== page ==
We had a different kind of seminar today. Once a week, we have an invited speaker from outside who gives a talk on his/her research. Today we had a "motivational speaker" types. It's almost worrisome, that we need these talks now. :) Nothing new was said, but the reinforcement was useful. Good timing for me too, especially since the jade from starting my sixth year is beginning to set in, and I'm beginning to embark on the post-doc hunt too.
Vishesh tippani from babaji's talk.
What should motivate a scientist? Love of the process of finding out. Not so much the ends or the results, but the means.
You cannot prove anything. All it takes is a single experiment to prove you wrong. You can only find the truth to the best extent you can.
As a graduate student:
Interdisciplinary is the way to go.
Make the best of your environs. If you're in a lab with the sexiest microscope and imaging facility, take your project there.
Read widely, not always necessarily deeply. (To gain breadth)
If you're really keen on doing an experiment, DO IT.
Think out of the box. Ask of your data "What is the most interesting thing this could mean?"
Don't be afraid. Have the self confidence that you could've indeed stumbled upon the answer that many were trying to get at. (He in fact mentioned that women are bad at this)
Learn the history of your science.
It's ok to get side-tracked. But don't put all your eggs in one basket.
Be a control freak. :-) (As in designing controls for experiments)
Honour the scientific method, always.
Keep a good notebook. Should have all the information needed to repeat the experiment.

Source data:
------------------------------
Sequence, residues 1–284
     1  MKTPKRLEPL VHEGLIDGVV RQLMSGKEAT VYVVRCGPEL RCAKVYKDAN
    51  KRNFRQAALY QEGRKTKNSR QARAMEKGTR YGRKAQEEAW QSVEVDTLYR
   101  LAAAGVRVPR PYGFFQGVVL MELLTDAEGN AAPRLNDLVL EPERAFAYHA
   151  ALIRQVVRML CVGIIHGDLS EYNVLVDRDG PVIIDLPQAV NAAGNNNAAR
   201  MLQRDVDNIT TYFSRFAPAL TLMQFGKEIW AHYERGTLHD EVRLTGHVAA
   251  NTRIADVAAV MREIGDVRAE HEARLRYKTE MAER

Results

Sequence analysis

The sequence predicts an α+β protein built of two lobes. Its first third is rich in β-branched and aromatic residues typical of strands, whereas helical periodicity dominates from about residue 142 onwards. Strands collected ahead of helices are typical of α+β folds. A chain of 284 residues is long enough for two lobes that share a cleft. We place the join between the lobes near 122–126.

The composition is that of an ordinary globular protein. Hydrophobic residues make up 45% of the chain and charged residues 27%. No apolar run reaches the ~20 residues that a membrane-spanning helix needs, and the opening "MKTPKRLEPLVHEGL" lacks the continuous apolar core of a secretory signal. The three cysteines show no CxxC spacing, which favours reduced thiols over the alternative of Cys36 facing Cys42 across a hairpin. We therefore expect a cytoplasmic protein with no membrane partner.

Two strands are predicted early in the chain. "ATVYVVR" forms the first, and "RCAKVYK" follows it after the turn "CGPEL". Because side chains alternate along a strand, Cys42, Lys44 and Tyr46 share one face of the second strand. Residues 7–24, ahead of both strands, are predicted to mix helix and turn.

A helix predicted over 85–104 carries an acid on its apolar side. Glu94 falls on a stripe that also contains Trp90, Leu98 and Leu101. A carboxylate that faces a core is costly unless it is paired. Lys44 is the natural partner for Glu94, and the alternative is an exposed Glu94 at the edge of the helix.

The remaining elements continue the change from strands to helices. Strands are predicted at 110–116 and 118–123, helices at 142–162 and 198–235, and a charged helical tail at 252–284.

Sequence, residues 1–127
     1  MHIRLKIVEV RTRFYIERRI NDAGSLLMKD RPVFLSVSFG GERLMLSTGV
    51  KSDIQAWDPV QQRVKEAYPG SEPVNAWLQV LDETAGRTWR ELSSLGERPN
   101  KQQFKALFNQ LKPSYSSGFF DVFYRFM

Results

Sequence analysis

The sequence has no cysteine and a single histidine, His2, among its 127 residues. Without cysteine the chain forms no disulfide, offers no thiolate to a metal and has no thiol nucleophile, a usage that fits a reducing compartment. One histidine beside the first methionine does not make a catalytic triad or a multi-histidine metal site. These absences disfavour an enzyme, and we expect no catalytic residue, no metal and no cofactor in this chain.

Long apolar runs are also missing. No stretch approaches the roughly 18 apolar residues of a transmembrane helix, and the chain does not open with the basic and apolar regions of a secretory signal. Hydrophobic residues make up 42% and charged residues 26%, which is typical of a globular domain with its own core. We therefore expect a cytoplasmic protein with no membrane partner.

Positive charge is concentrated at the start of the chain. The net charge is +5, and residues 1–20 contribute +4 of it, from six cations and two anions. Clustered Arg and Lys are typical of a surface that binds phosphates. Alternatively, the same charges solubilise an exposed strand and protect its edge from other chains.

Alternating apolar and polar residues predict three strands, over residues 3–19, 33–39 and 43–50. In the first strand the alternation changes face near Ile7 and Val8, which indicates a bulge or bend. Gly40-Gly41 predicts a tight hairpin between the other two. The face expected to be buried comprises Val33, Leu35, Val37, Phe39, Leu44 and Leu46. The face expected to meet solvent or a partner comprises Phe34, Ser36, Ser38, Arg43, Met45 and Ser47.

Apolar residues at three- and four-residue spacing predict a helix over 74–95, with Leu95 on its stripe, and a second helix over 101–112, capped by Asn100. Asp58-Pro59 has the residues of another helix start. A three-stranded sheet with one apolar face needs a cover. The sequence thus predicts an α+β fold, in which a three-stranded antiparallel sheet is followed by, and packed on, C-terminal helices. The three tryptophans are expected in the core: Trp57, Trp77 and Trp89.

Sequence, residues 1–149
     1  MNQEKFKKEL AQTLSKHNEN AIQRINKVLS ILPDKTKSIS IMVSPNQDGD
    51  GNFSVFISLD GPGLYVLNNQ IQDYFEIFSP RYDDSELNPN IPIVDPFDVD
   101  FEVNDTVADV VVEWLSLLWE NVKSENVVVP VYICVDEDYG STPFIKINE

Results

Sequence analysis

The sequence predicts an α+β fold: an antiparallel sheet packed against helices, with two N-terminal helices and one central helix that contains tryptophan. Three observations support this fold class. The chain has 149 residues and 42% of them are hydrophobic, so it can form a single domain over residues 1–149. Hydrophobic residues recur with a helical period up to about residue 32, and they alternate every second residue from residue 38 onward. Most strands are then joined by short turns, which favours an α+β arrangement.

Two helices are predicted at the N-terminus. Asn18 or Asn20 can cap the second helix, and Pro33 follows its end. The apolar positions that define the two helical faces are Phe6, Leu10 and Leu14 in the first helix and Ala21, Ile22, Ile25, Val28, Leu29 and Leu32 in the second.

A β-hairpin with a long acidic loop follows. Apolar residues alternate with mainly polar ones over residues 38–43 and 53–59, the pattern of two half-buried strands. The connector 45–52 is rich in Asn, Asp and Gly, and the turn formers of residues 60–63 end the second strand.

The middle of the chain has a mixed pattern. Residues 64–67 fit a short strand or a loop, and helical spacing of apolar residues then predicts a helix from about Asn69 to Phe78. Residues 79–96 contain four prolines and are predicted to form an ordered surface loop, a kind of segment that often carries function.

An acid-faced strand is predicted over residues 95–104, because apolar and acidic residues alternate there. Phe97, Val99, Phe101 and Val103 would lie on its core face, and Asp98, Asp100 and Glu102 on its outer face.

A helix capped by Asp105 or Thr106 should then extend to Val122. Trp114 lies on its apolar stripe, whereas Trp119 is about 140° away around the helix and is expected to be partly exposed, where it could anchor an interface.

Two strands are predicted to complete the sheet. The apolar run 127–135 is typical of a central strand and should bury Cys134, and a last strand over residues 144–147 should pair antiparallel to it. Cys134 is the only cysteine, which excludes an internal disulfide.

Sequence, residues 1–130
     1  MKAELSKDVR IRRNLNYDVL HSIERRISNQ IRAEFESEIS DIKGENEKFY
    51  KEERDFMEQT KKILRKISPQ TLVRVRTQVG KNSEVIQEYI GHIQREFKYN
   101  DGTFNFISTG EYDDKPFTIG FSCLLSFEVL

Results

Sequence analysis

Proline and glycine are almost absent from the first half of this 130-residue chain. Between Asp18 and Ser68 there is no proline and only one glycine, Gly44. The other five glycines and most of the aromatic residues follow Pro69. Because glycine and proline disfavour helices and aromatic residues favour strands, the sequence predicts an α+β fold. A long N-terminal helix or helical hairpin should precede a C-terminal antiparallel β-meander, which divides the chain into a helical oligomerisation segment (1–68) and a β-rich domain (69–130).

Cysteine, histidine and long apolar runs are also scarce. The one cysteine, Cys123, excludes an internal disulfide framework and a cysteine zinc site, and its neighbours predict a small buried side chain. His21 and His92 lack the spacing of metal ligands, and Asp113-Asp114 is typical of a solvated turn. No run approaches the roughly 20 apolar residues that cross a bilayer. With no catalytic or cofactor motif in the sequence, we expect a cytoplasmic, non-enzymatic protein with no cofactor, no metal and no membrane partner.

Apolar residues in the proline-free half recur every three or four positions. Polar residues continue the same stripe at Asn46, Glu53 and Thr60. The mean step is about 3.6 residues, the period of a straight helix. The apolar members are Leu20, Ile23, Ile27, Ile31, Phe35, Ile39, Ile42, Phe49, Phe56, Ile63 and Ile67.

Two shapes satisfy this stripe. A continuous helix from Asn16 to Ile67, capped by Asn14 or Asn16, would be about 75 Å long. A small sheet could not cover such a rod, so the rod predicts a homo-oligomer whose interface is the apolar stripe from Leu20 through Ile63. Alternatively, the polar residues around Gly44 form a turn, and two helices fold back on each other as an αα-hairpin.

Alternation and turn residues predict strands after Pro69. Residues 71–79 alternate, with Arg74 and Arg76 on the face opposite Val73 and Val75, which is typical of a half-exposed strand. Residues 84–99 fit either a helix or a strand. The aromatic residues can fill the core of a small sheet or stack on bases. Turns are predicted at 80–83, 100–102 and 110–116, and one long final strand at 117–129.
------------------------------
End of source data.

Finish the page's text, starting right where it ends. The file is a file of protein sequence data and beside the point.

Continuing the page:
Develop a thick skin. Take criticism constructively. Nothing's personal.
Speak up when you have to. Our mission is to find the truth, not to be nice or to honour elders.
Always LOOK at the cells. (Sigh, indeed! The cells, they tell you so much)
Think for yourself. Write for yourself. OWN your project. Be the world's best expert on it.
The Boss is not always right. (hah! this i know ;) )And will often be happy to be proven wrong.
When you find yourself disagreeing with the boss, you're ready to graduate. (Excuuuz me??? ;) )
Pick a project where you can learn as many techniques as possible.
Each time you perform an experiment, you should be thinking about improving every step for the next time you do it.
Base conclusions on multiple experiments.
Don't be blinded by the statistics. The statistics are only as good as the assumptions they rely on.
Force yourself to write down observations, especially of the failed experiments. Do not forget the unexplained results! (This is so important!)
Speak up! Ask questions at talks.
Grab every opportunity to present your work to an outside audience. (very important, especially when it comes to the post-doc hunt)
Do not prolong your Ph.D. :(
Take responsibility for yourself. Have a plan for the next five years.
Post doc hunt:
Don't sell yourself short. Salaries are negotiable. Play the game. Post-docs are among the most exploited class of workers anyway. (hah!)
Must interview prospective lab. Talk to students/employees. Track back ex-members of the lab and speak to them.
Does the P.I help his people? (Outside of lab). Will he let you take projects with you when you leave?
Choose wisely. Cannot go wrong in picking a lab for your post-doc, after being in the system for five plus years.
If you have to do two post-docs, switch after two years at the first one.
Try getting outside fellowships for post-doc work.
Work hard. If you want to become a P.I, it's an uphill climb.
You don't have to end up as a P.I to be successful in science.